group membership and forwarding state created by processing the IGMP/ MLD messages contained in Membership Update messages received from the endpoint. If a Membership Update message originates from a new endpoint, the relay MUST determine whether it can accept updates from a new endpoint. If a relay has been configured with a limit on the total number of endpoints, or a limit on the total number of endpoints for a given source address, then the relay MAY ignore the Membership Update message and possibly withdraw any Relay Discovery Address Prefix announcement that it might have made. See Section 184.108.40.206. A relay MUST maintain some form of group membership database for each endpoint. The per-endpoint databases are used to update a forwarding table containing entries that map a (*,G) or (S,G) subscription to a list of tunnel endpoints. A relay MUST maintain some form of group membership database representing a merger of the group membership databases of all endpoints. The merged group membership database is used to update upstream multicast forwarding state. A relay MUST maintain a forwarding table that maps each unique (*,G) and (S,G) subscription to a list of tunnel endpoints. A relay uses this forwarding table to provide the destination address when performing UDP/IP encapsulation of the incoming multicast IP datagrams to form Multicast Data messages. If a group filter mode for a group entry on a tunnel endpoint is EXCLUDE, the relay SHOULD NOT forward datagrams that originate from sources in the filter source list unless the relay architecture does not readily support source filtering. A relay MAY ignore the source list if necessary because gateways are expected to do their own source filtering.
220.127.116.11. Handling a Teardown MessageThis section describes relay requirements related to the teardown message sequence described in Section 18.104.22.168. When a relay (that supports the Teardown message) receives a Teardown message, it MUST first authenticate the source of the Teardown message by verifying that the Response MAC carried by the Teardown message is equal to a MAC value computed from the fields carried by the Teardown message. The method used to compute the MAC differs from that used to generate and validate the Membership Query and Membership Update messages in that the source IP address and source UDP port number used to compute the MAC are taken from the Gateway IP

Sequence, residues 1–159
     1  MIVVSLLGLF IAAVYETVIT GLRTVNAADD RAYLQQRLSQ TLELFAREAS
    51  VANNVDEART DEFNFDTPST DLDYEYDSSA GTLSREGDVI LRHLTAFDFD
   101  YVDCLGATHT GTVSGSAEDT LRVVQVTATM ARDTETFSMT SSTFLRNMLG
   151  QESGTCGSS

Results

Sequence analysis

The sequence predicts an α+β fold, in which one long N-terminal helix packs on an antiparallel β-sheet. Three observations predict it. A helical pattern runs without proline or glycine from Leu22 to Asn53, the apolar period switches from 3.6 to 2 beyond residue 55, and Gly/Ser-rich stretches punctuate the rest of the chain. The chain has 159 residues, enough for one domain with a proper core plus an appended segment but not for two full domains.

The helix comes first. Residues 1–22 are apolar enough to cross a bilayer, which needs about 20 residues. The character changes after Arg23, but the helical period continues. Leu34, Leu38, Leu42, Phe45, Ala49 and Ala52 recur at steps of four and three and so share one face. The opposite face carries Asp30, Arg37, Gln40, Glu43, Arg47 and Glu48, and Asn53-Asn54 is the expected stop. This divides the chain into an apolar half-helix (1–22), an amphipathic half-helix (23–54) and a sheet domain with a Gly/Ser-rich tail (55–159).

Address and Gateway Port Number fields in the Teardown message rather than from the IP and UDP headers in the datagram that carries the Teardown message. The MAC computation is described in Section 5.3.5. A relay MUST ignore a Teardown message if the computed MAC does not equal the value of the Response MAC field. If a relay determines that a Teardown message is authentic, it MUST immediately stop transmitting Multicast Data messages to the endpoint identified by the Gateway IP Address and Gateway Port Number fields in the message. The relay MUST eventually delete any group membership and forwarding state associated with the endpoint but MAY delay doing so to allow a gateway to recreate group membership state on a new endpoint and thereby avoid making unnecessary (temporary) changes in upstream routing/forwarding state. The state changes made by a relay when processing a Teardown message MUST be identical to those that would be made if the relay had received an IGMP/MLD report that would cause the IGMP or MLD protocol to delete all existing group records in the group membership database associated with the endpoint. The processing of the Teardown message should trigger or mimic the normal interaction between IGMP or MLD and a multicast protocol to produce required changes in forwarding state and possibly send prune/leave messages towards upstream routers.